They were to inform the Duke of Cleves that, if Henry liked the reports of Anne he ‘will be glad to honour his house and family with matrimony wither and to depart as liberally with her and with so convenient conditions as he shall have cause to be contented’. For Anne, it was a highly flattering offer.



Sibylla of Cleves, Duchess of Saxony. Anne's sister provided a close link to the Schmalkaldic League

Friday, 27 December 2013

27 December 1539 - The Arrival of Anne of Cleves

At five o’clock in the afternoon of 27 December 1539 a young German princess, Anne of Cleves, stepped onto the shore at Deal in Kent. She was met by Sir Thomas Cheyne, who took her to Deal Castle – a rather Spartan fortress on the south coast of England. The castle, which was newly built, was inadequate for a royal visit and was merely used as a base for Anne and her retinue to change their clothes and refresh themselves.

Shortly after Anne’s arrival, Henry VIII’s brother-in-law, the Duke of Suffolk, and his wife, Catherine Willoughby, arrived, as did the Bishop of Chichester and a large knights, esquires and ladies. Everyone was curious to meet the princess. She presented herself well, greeting them cordially and allowing her visitors to take her to the more comfortable Dover Castle, a little further down the coast. She arrived at eleven o’clock that night and gladly retired to her bed for her first night in a country that would be her home for the rest of her life.

Everyone in England was interested in the young woman who had sailed from Calais that morning, enjoying an uneventful and speedy voyage. Anne, who was twenty-four years old and the sister of the Duke of Cleves, was to become the fourth wife of Henry VIII, a man who, by 1539, was the most notorious husband in Europe. She had not, in fact, been Henry’s first choice as a bride.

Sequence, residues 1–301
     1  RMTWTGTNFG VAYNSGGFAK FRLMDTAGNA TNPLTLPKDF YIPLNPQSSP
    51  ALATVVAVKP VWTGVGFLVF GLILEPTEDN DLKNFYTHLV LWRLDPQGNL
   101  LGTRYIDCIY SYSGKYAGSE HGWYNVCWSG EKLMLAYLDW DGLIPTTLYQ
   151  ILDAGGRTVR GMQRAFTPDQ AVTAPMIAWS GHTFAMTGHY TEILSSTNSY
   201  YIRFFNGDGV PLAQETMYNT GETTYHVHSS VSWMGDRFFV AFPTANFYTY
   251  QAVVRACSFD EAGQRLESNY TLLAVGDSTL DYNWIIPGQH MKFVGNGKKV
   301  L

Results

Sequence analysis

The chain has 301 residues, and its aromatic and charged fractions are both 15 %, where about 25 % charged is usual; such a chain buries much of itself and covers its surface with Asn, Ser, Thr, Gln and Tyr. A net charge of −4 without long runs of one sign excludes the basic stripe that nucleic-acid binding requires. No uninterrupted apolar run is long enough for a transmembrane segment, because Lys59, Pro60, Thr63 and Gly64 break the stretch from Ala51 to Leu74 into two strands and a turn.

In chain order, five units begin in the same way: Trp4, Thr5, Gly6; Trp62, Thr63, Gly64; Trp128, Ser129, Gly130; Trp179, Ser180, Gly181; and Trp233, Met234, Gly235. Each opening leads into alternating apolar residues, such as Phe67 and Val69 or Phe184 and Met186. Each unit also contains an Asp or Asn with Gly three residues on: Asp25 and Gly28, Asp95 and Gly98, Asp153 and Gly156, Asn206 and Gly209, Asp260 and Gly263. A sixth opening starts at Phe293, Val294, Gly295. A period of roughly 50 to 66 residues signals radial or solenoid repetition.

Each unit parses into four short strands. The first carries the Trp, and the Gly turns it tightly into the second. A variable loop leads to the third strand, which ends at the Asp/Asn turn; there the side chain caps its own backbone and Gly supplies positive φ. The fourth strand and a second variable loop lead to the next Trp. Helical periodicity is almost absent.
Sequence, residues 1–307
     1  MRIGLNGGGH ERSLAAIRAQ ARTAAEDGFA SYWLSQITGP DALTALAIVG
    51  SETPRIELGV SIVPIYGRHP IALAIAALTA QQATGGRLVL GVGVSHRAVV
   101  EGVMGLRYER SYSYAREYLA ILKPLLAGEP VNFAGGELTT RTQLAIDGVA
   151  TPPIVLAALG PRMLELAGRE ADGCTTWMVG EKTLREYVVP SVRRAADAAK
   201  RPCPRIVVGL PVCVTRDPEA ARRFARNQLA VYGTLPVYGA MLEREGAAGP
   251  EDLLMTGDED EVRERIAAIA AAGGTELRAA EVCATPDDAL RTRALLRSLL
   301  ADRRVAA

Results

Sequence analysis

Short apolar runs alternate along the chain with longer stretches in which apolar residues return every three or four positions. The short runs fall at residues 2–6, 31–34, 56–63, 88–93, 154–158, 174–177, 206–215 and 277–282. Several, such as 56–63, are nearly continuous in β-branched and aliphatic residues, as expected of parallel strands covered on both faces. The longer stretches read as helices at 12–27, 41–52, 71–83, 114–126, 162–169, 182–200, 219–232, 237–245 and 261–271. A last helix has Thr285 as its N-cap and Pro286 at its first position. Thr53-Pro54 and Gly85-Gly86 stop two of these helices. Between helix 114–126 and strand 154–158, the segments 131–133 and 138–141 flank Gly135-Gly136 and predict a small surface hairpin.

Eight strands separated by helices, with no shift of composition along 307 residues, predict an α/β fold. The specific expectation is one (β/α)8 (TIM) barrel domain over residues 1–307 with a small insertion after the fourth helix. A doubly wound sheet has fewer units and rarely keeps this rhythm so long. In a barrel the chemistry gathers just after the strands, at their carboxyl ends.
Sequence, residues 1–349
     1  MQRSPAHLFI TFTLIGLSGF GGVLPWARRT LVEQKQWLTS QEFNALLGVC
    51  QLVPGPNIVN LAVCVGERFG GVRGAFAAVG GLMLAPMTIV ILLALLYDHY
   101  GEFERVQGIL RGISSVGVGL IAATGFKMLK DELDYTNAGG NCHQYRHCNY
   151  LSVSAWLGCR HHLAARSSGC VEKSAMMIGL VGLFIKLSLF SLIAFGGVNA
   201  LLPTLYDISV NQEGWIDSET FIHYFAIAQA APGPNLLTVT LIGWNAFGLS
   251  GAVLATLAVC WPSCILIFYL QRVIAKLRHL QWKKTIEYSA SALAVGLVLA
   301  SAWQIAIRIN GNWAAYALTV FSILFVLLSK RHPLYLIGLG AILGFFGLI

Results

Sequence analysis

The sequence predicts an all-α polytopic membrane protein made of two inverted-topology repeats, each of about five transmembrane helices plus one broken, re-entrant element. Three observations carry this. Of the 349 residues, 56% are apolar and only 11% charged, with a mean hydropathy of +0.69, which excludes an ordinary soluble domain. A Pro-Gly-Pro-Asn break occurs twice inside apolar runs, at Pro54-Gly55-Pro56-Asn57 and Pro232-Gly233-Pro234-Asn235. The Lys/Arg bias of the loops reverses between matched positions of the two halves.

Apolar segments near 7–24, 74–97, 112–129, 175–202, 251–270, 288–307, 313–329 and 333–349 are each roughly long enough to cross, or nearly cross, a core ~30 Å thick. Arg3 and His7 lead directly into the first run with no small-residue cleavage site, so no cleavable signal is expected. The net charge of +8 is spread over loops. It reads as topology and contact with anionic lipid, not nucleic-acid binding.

When Henry’s third wife, Jane Seymour, died following childbirth on 24 October 1537, the king found himself in the unusual position of not having a new bride ready and waiting. Within days of her death Thomas Cromwell, the king’s chief minister, had written to the French ambassadors suggesting that either the French king’s daughter or his kinswoman, Mary of Guise, would make suitable replacements. At the same time, the Imperial ambassadors offered the king the princess of Portugal.

Although Henry had known all three of his previous wives before marriage, it was never in doubt that his fourth would be a diplomatic match. This was, after all, the usual way that royal marriages were arranged and would help to ally England with a foreign power. By the end of 1537 ambassadors had been instructed to search the courts of Europe for a potential bride. John Hutton, the English ambassador to the Netherlands, provided an early report from Brussels, listing the eligible women in the Holy Roman Empire. As well as their accomplishments. He ended, rather unflatteringly, with the comment that ‘the duke of Cleves has a daughter, but there is no great praise either of her personage or her beauty’.

This was the only time that Anne would be mentioned in negotiations until 1539. Instead, Henry first looked for a French bride, seeking to marry Mary of Guise, who was already engaged to his nephew, James IV of Scotland. Upon receiving reports of the tall and beautiful Mary Henry was mitten, declaring that ‘he was big in person and had need of a big wife’. He was unsuccessful in his attempts to win Mary, however, with her soon marrying the King of Scots.

Henry next considered Mary’s sister, who was reported to be ‘as beautiful and graceful clever and well fitted to please and obey him as any other’, while the French ambassador assured him that ‘France was a warren of honourable ladies’.

Henry perhaps took the invitation to take his pick of the French ladies too literally when he requested that they all be brought to Calais so that he could select the woman that he liked best. Such a request was met with outrage by the French king, who declared that they were not horses to be made to promenade on show. When Henry insisted, the scandalised French ambassador asked whether he also wanted to try out the ladies before he made his choice, causing the English king to blush with shame.